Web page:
Little Bits of History


Posted in History by patriciahysell on July 6, 2015
Pope Clement VI

Pope Clement VI

July 6, 1348: Pope Clement VI issues a papal bull. A papal bull is a type of letters patent issued by the Pope of the Roman Catholic Church. Letters patent are published legal instruments which issue orders from a leader to those under his/her command. The papal portion indicates the leader issuing the orders while the bull is named for the lead seal (bulla) attached at the end of the document to ensure its authenticity. They first saw use in the 6th century but the term was not used until the end of the 13th century. They begin with a formalized statement with the Pope’s name and title as well as Latin words indicating the title of the document. Following that is the text of the order and then it is formally signed and sealed with the papal seal or bulla. This was usually lead but for special and important cases, could be made of gold.

The papal bull issued on this day was sent out to Europeans to help protect Jews from persecution. The Black Death was one of the most devastating pandemics to ever strike humankind. There were an estimated 75 to 200 million deaths in Europe due to the plague which peaked between 1346 and 1353. This resulted in a third to two-thirds of Europe’s population wiped out. Pope Clement had only recently risen to his position and sought out the help of “experts” to determine the cause of these devastating losses. Unfortunately, the science of the time was not up to the task and so he was given bad advice. Popular opinion was as erroneous as the expert opinion, but with a different causative agent. The Jews were accused of purposely contaminating water supplies. Since they were often sequestered in their own parts of town and their kosher lifestyle demanded more cleanliness, they were often able to remain healthy. So they were blamed.

Clement issued his first papal bull protecting the Jews on this day without stopping the persecution. He reiterated the protection of the Church on September 26. He condemned the violence against Jews and said that the perpetrators had been “seduced by that liar, the Devil”. His orders were to local clergy who were urged to protect Jews, just as the Pope himself had done. Although he was warned to not minister to the sick, he ignored his experts and continued his practice or blessing the sick and those who had died. Although surrounded by death, the pontiff never contracted the disease.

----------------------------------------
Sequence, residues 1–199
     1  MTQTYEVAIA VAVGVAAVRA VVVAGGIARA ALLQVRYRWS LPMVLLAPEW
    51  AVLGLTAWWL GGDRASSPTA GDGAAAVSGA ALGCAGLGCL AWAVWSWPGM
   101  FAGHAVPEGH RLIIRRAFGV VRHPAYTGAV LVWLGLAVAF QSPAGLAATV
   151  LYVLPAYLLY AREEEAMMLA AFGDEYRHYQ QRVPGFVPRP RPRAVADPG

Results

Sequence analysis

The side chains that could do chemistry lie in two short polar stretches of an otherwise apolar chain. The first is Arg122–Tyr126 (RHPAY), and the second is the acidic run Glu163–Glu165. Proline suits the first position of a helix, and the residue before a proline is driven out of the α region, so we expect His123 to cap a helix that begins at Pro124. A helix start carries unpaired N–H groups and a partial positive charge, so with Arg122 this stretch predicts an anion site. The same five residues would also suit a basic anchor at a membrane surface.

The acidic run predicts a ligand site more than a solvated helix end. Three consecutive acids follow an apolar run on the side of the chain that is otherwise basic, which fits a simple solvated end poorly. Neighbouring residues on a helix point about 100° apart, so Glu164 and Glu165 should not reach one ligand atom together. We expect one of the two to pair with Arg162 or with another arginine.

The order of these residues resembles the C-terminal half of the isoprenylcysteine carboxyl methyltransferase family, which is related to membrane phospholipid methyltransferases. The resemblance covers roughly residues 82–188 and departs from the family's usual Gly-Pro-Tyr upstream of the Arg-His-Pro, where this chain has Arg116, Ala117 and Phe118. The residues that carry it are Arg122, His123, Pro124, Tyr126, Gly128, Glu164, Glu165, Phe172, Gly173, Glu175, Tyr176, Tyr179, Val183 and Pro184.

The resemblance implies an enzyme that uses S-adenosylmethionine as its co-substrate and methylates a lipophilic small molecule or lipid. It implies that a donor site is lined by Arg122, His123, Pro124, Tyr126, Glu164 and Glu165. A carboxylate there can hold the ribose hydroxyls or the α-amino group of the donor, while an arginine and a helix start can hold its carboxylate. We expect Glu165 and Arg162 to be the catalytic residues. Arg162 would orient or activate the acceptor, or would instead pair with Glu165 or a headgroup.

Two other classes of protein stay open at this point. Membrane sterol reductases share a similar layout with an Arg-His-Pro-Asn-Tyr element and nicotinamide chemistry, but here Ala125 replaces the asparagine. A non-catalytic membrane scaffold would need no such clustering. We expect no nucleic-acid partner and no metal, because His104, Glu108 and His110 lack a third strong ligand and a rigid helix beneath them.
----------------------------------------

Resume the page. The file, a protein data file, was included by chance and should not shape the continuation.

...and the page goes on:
Analysis of DNA from victims of the disease was published in 2010 and 2011 and the pathogen responsible was the Yersinia pestis bacterium. It caused several different forms of what was known as Black Death. Overall world population fell by an estimated 450 million or 30-60% of the total population in the 14th century. The loss of such a great number of people caused upheavals in all aspects of life: economic, religious, and social. It had a profound effect on the civilized world of the time and it took almost 150 years for Europe’s population to recover. The disease was thought to have originated in the arid plains of Central Asia and traveled via the Silk Road to reach the Crimea in 1347 and then spread throughout Europe with small pockets of lands untouched by Death.

We all live in the protection of certain cowardices which we call our principles. – Mark Twain

Freedom is not an ideal, it is not even a protection, if it means nothing more than freedom to stagnate, to live without dreams, to have no greater aim than a second car and another television set. – Adlai Stevenson

Pessimism: A valuable protection against quackery. – John Ralston Saul

To have faith in Divine protection is good, but even better if backed by the practical assistance heaven has a right to expect from sensible mortals. – Edith Pargeter

Also on this day: The Greatest Show on Earth – In 1944, the Hartford Circus Fire killed over 100 attendees at the circus.
Dirigible – In 1919, the first east to west Atlantic crossing in an airship successfully concluded.
Rabidly Scientific – In 1885, Louis Pasteur began the first series of rabies shots.
Homestead Strike – In 1892, violence broke out during the strike.
Piper Alpha – In 1988, the oil platform exploded.


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